Lifestyle, Wine & Dine

Balaji Vijayachandran is The Chef Behind So France’s Gastronomic Delights

Balaji Vijayachandran is The Chef Behind So France’s Gastronomic Delights

Balaji Vijayachandran Is the Chef Behind So France's Gastronomic Delights
In the 1960s, legendary magazine editor Diana Vreeland coined the term — youthquake — to make sense of the cultural movement that inspired the music, pop culture and fashion of the times. In 2020, the word makes a comeback in the wake of youths rising up and defining their own narrative — including how each individual wants their voices heard.

Reclamation of power by the often-maligned millennial generation is not solely motivated by the energising of youths in politics (‘Justice’ was the Merriam-Webster word of the year in 2018 after all). It is in part owing to the rise of globalisation and social media — two sociopolitical factors working in tandem with the urgency of global concerns such as human rights, environmental issues (‘Climate emergency’ was the Oxford word of the year in 2019) and cultural diversity. Amidst these overflowing protests, technology has helped youths amplify their voices and garner greater mobility.

In the local setting where the economy is going through challenging times (perhaps even more so for the creative industry), there is a mass cancellation of events while independent grant applications are turned away in favour of creativity being used for commercial purposes.

These creatives stand out not only for the métier of excellence exhibited in their work, but also for their priorities that do not consider “hearts” and “likes” as necessary affirmations of success.

The joy in their work comes from banding with people who share a similar vision, the anti-establishment journey they are taking and needless to say, the writing of their own rules.

This is the story of Balaji Viyajachandran aka the chef behind So France’s gastronomic delights.

Balaji Viyajachandran is wearing a Brunello Cucinelli denim jacket and wool turtleneck sweater.


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A post shared by Balaji Vijayachandran (@chefbalaji)

What excites you the most about French cuisine?
I am excited by the idea that with French cooking, you can elevate a simple meal just by mastering the right techniques. Cooking French cuisine well requires careful attention to detail, you need to consider the quality and freshness of ingredients as well as the appropriate techniques to apply when preparing each component of a dish. Cooking French cuisine makes me feel that I am doing something new each day.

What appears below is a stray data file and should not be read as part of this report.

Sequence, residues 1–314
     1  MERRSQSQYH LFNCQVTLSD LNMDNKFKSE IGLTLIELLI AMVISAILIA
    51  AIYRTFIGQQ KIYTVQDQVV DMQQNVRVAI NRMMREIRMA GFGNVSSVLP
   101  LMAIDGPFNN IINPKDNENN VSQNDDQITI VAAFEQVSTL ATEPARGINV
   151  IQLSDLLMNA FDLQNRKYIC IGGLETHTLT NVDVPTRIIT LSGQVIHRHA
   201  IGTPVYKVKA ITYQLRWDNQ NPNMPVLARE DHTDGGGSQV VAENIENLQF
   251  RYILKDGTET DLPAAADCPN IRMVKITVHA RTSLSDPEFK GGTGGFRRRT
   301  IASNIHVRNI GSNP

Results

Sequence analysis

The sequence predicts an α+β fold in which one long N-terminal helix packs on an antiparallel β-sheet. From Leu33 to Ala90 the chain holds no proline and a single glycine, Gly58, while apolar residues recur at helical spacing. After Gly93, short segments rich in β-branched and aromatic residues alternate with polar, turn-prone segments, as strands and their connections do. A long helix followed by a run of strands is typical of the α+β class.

Is there a myth about the cuisine that you would like to debunk?
In French cooking, there’s always a touch of wine in most of the sauces. People often think the quality of wine doesn’t matter when you cook with it. In my opinion, once you choose a good and right wine for your sauce, half your job is already done. It doesn’t have to be an expensive one, just choose one you would drink.


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A post shared by Balaji Vijayachandran (@chefbalaji)

Where do you get your culinary inspirations from?
What drives me is my passion for cooking; my ambition was to become a chef since I was young. Some days, I still can’t believe that I’ve fulfilled my childhood dream.

What do you think makes So France different from other french restaurants?
Many French restaurants tend to be more formal or inventive but at So France, we serve classic French bistro food in a laid-back setting. I work hard to make our guests feel like they’ve travelled to Paris when they taste our Duck Confit, Oeufs Meurette, Coq au Vin or Cassoulet.


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A post shared by So France (@sofrancebistro)

This is also why we make our own terrines, pate en croute, and even duck confit. We’re able to offer a slice of France to our Singapore diners because at least 70 per cent of what we use in the kitchen is from France!

What do you eat on your off days?
When I am not at work, I like to eat at home with my family and I love to eat what my wife cooks because she is a better cook than me. She is also more health conscious. I prefer vegetarian meals – my favourite dish is dosai, a thin South Indian crepe that is made with fermented rice flour and lentils. I also love how simple and comforting yogurt rice is. On the side, I enjoy drinking ABC (apple, beetroot and carrot) juice.

What is a dish you are most known for and why?
My signatures at So France include the Oeufs Meurette, Duck Confit and Beef Cheeks — hearty, comforting and classic French bistro dishes that follow time- honoured traditions. For example, we confit the duck ourselves and our guests love that it is salted well and boasts crispy skin. The duck is marinated in salt, orange zest, star anise and thyme for at least four hours before the 18-hour confit process.

Photography Eugene Lee
Art Direction Izwan Abdullah
Styling & Text Bryan Goh
Styling Assistant Manfred Lu
Makeup and Grooming Sha Shamsi using Dior Beauty
Hair Christvian Goh using KEVIN.MURPHY

This story about Balaji Viyajachandran of So France first appeared in our November 2020 issue.